I heard they were dancing to this one at the G20 Meeting so I thought I'd share it with you.  Never have so many gathered so often to accomplish so little as our G20 in the past 18 months.  This weekend's meeting of the World's "top" Finance Ministers resulted in a split on whether to tax financial trading as part of a broader strategy to ensure the global economy’s expansion is less crisis-prone.  The idea of the levy was to prevent excessive risk-taking and fund future bank rescues but US Treasury Secretary, Tim Geithner said trying to get the banks to behave is "not something we’re prepared to support."

That was all the Gang of 12 needed to hear and the commodity markets went wild with the guarantee of no additional regulation on the horizon and the dollar was taken down to new lows in overnight trading, plunging to $1.50 to the Euro and $1.685 to the Pound, over 2% off Friday's lows.  They Yen Rose back to under 90 to the Dollar and the Nikkei, of course, did not like that one bit and an early rally turned into a flatline for the day.  The rest of the global markets, however, were off to the races with Europe up 1.5% at 8 am and the US futures up over a point as well as gold flies to $1,110 an ounce and oil heads back to $78.50, up $2 from Friday's low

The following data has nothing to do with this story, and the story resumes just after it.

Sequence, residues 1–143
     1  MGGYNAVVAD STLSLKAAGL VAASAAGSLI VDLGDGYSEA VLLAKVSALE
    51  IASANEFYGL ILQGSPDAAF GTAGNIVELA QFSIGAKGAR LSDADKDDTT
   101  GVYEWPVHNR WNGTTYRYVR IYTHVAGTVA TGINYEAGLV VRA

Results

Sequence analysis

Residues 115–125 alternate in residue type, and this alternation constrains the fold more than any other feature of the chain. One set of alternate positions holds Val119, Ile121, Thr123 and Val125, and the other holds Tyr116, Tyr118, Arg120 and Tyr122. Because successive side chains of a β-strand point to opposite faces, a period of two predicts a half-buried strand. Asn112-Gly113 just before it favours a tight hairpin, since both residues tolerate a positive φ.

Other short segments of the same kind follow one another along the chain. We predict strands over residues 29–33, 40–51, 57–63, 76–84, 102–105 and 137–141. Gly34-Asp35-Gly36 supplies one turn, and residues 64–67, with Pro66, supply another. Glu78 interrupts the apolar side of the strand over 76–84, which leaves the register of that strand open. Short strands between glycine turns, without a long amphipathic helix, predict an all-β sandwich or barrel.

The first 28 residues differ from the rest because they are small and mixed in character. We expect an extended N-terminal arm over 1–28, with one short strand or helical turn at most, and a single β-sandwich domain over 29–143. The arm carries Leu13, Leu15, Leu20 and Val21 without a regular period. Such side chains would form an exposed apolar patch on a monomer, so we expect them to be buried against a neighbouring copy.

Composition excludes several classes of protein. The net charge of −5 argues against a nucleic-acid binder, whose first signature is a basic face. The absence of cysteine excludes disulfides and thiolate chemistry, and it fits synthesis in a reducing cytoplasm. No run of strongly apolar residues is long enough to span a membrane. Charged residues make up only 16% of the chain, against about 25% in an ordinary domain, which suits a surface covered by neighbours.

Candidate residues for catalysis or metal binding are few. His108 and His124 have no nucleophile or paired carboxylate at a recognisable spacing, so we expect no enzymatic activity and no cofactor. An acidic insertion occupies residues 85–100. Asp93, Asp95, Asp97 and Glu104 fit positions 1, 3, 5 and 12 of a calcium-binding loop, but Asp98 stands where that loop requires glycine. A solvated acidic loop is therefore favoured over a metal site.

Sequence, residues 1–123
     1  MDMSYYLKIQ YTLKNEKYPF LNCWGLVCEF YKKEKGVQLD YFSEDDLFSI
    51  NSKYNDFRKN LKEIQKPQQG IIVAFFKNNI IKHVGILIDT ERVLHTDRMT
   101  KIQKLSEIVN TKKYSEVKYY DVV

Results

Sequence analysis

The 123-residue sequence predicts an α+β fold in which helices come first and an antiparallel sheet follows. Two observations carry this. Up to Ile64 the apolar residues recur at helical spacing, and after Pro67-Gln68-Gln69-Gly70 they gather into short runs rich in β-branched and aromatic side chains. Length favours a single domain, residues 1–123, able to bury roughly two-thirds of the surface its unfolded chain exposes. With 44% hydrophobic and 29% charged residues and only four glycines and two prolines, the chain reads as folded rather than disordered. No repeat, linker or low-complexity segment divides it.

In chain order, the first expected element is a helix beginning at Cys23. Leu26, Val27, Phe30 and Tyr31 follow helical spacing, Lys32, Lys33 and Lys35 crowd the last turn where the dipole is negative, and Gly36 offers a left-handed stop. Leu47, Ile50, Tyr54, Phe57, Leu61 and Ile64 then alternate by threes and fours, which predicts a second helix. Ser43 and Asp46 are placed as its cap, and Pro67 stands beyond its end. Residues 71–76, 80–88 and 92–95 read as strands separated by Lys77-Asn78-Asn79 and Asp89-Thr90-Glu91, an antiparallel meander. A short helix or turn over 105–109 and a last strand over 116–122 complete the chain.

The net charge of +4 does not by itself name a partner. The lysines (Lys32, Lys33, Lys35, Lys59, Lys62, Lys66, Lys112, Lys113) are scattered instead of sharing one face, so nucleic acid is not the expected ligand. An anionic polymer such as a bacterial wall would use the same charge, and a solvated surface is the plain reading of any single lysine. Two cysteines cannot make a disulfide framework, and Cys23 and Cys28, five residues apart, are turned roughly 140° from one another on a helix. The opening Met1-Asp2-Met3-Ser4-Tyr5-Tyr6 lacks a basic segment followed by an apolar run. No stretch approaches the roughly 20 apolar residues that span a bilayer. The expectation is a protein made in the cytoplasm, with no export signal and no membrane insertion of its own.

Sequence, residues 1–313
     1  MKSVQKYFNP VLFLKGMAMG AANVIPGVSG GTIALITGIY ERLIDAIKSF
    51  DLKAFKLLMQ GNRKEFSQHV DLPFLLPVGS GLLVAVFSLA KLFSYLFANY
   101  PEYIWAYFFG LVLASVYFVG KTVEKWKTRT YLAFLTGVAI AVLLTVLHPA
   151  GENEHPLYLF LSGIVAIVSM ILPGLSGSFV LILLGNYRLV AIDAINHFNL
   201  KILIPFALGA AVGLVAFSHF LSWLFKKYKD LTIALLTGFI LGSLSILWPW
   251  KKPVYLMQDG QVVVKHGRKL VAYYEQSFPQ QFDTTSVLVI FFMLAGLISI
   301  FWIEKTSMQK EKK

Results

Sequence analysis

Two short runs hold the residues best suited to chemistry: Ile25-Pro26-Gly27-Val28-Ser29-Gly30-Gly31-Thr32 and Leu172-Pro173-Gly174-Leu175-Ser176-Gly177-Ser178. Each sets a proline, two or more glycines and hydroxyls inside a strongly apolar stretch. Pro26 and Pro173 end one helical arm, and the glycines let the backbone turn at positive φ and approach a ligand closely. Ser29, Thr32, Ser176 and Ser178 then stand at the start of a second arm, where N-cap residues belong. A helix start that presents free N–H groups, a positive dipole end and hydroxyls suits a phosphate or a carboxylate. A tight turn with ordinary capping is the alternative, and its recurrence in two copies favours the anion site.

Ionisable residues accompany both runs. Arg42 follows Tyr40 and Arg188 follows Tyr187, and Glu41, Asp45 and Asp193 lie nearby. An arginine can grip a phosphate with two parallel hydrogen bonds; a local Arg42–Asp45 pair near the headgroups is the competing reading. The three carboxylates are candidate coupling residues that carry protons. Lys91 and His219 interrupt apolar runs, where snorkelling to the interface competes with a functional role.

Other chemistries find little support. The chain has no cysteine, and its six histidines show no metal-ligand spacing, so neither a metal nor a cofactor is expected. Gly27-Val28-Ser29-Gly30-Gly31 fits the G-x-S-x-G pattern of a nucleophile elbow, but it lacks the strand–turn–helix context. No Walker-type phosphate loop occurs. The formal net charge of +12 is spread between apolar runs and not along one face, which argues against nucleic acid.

Of course, doing nothing to prevent excessive speculation by the "too big to fail" crowd isn't…
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THE IMF CATAPULTS FROM SHUNNED AGENCY TO GLOBAL CENTRAL BANK

THE IMF CATAPULTS FROM SHUNNED AGENCY TO GLOBAL CENTRAL BANK

“A year ago,” said law professor Ross Buckley on Australia’s ABC News last week, “nobody wanted to know the International Monetary Fund. Now it’s the organiser for the international stimulus package which has been sold as a stimulus package for poor countries.”

The IMF may have catapulted to a more exalted status than that. According to Jim Rickards, director of market intelligence for scientific consulting firm Omnis, the unannounced purpose of last week’s G20 Summit in Pittsburgh was that “the IMF is being anointed as the global central bank.” In a CNBC interview on September 25, Rickards said, “They’ve issued debt for the first time in history. They’re issuing SDRs. The last SDRs came out around 1980 or ’81, $30 billion. Now they’re issuing $300 billion. When I say issuing, it’s printing money; there’s nothing behind these SDRs.”